Women in education

Returning to work after maternity leave requires planning

If you are pregnant or planning to become pregnant there are some important things to consider. In addition to your maternity leave it is recommended that you start to plan early for your return to work. Many of the calls Federation receives through the Professional Support section about maternity leave ask what to do when the request to work parttime or the days requested have been declined or teachers are informed they will be doing some form of inbuilt relief, filling in gaps in timetables, release from face-to-face (RFF), etc, when they return.

The administration of maternity leave for permanent and temporary teachers in schools is prescribed by Determination No. 7 of 2016. Casual teachers are covered by a separate Determination as they cannot take “maternity leave” but may be eligible for a maternity payment.

Permanent teachers have a right to return to their substantive position after maternity leave. Temporary teachers have a right to return to their position if they are returning to work before the end of the temporary engagement from which they took leave. Permanent and temporary teachers also have the “right to request” to return to work on a part-time basis until the child reaches school age. Given the complexities of coordinating child care availability and a school timetable, teachers and principals should begin negotiations as early as possible.

The Determination states that the Department “shall consider the request having regard to the teacher’s circumstances” and may only refuse the request on “reasonable grounds” related to the effect on the workplace such as cost, lack of replacement staff or loss of efficiency.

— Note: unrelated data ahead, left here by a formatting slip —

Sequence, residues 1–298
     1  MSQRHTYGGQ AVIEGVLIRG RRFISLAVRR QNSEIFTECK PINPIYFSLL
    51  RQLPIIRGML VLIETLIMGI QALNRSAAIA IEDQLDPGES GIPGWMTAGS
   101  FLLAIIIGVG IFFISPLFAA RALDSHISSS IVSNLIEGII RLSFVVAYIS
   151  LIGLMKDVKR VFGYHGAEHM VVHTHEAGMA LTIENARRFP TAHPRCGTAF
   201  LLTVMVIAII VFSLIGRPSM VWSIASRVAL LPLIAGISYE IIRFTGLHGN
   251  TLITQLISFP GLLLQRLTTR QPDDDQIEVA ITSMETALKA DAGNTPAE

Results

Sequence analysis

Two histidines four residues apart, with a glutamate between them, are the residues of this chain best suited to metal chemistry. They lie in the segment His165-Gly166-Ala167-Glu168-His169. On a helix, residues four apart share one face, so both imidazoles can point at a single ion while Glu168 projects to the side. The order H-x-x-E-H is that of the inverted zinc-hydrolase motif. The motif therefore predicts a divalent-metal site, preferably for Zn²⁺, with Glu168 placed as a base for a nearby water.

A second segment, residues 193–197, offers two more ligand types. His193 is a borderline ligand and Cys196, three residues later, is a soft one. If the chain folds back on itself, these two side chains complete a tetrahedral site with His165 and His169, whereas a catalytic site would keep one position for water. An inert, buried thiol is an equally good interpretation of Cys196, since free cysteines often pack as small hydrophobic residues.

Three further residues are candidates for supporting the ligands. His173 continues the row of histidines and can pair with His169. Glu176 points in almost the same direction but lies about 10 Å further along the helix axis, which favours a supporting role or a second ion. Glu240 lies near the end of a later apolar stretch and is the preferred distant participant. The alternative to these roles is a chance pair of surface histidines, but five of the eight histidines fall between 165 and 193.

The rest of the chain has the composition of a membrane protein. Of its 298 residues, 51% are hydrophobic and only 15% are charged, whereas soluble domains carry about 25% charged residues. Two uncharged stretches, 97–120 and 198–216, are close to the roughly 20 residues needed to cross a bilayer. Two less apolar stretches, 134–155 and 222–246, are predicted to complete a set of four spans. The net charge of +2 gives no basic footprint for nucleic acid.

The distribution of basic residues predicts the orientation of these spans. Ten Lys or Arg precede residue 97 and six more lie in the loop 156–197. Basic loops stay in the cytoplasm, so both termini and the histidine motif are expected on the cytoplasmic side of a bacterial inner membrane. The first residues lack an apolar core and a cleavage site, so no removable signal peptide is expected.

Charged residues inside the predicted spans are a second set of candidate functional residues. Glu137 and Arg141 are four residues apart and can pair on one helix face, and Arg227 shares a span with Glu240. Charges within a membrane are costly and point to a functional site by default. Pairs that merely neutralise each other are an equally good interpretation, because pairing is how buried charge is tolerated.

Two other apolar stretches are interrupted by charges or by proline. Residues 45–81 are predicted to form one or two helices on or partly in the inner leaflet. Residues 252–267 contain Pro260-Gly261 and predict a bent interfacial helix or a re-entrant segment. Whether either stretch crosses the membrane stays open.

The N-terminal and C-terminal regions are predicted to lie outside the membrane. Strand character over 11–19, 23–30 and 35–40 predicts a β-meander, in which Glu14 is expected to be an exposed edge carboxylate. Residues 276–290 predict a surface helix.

While a principal has the responsibility for the allocation of duties and classes across the school to meet the learning needs of the students, schools cannot have a policy whereby any teacher requesting part-time will be removed from the timetable or teach outside their subject area as inbuilt relief or be denied the opportunity to job share, as this would be discriminatory. Each request should be considered in accordance with the Determination and the teacher’s circumstances.

Teachers have the right to be supported in their professional learning. A teacher’s caring responsibilities, including working part time to meet those responsibilities, should not be used to deny access to opportunities in a way that would stifle the teacher’s professional growth.

Teachers returning from maternity leave who wish to continue breastfeeding should also begin discussions about lactation breaks well before returning. (See last editions’s column for more information)

Any teacher experiencing difficulties returning to work following maternity leave should contact Federation for advice.